New Spin on War on Poverty
The 2015 Missouri legislative session, which ended in scandal, may have come to a close. But what persists are the looming changes that low-income families will experience come January 2016.
After a rancorous match between Republicans and Democrats, the Republican majority shook up everything from safety net programs like Temporary Assistance for Needy Families (TANF) to unemployment benefits.
Critical cuts halted
Tensions mounted in April when – in spite of the state’s revenue increases – six percent cuts were proposed to safety net programs that would have affected mental health services, seniors, programs for abused and neglected children and those in the juvenile justice system, among others.
The Senate wanted to “integrate” budgets from the Department of Social Services, Department of Mental Health and Department of Health and Senior Services, while putting the ownness on these departments to decide where to slash.
Some predicted the $140 million in cuts would escalate to $300 million because departments would have received less in federal matching funds.
“We find it disturbing on so many different levels that the chairman of the Senate Appropriations Committee wants to ‘control the rate of growth of welfare’ as he puts it,” said Missouri Coalition for Community Behavioral Healthcare CEO Brent McGinty. “We do appreciate the roles of the budget chairs in both the House and the Senate. I worked in the Senate in my past career, it’s a very difficult challenge. But in a year with six to seven percent revenue growth, to cut critical community safety net funding – all in the name of trying to control welfare – is a really misguided solution to a problem, quite honestly.”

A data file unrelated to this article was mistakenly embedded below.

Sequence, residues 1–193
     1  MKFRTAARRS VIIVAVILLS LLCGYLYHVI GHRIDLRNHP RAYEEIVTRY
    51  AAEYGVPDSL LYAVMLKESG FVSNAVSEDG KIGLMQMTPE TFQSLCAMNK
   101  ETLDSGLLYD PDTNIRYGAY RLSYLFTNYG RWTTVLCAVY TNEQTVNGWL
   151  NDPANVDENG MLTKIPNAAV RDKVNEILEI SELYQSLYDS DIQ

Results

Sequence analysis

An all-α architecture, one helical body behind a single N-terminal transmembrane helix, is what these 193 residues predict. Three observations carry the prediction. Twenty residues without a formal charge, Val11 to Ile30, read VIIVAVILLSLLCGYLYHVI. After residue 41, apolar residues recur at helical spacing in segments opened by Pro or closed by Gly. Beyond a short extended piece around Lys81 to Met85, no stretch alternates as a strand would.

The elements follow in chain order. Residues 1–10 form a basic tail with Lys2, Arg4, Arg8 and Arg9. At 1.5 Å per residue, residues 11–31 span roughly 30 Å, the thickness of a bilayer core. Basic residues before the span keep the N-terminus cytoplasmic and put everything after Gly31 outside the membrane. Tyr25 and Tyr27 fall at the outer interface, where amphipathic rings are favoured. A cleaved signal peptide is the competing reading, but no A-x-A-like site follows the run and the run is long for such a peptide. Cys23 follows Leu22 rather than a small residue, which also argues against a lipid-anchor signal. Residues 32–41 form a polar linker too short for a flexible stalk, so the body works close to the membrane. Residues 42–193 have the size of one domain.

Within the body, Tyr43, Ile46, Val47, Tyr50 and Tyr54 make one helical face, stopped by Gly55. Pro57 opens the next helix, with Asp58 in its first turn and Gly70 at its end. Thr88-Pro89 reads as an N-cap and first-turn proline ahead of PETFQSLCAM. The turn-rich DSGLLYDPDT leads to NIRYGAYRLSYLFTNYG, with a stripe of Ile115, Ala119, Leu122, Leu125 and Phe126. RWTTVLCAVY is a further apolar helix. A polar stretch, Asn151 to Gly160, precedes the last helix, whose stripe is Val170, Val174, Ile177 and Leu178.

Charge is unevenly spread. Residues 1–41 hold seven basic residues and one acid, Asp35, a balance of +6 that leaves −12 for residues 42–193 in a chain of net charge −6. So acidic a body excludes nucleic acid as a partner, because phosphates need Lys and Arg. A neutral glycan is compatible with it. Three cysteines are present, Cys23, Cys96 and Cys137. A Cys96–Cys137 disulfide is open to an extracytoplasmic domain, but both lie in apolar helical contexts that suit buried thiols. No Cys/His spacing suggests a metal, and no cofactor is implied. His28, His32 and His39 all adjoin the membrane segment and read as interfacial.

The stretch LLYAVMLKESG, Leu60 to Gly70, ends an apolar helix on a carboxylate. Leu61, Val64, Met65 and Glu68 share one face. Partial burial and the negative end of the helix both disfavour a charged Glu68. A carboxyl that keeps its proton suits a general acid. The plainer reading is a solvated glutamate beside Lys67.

The Senate backtracked and opted not to push this bill through, with pressure from Democrats, community mental health organizations, health care advocacy groups and voters, among others.
What did pass is a bill to reduce the length of time low income families can receive welfare benefits. Republicans used their supermajority in the Missouri Legislature to override Gov. Jay Nixon’s veto and enact a bill that reduces the length of time families can draw welfare benefits, while increasing the requirements for low income parents to get job training, find volunteer work or complete high school and/or vocational training.
Specifically, the bill is aimed at TANF which provides low income families with children under 18 federally funded cash benefits. Effective January 1, 2016, TANF tenure is limited to three years and nine months. This eliminates 15 months from the current lifetime limit of five years. As of March, there were about 73,323 Missourians receiving these benefits. On average, an eligible household receives $227 a month.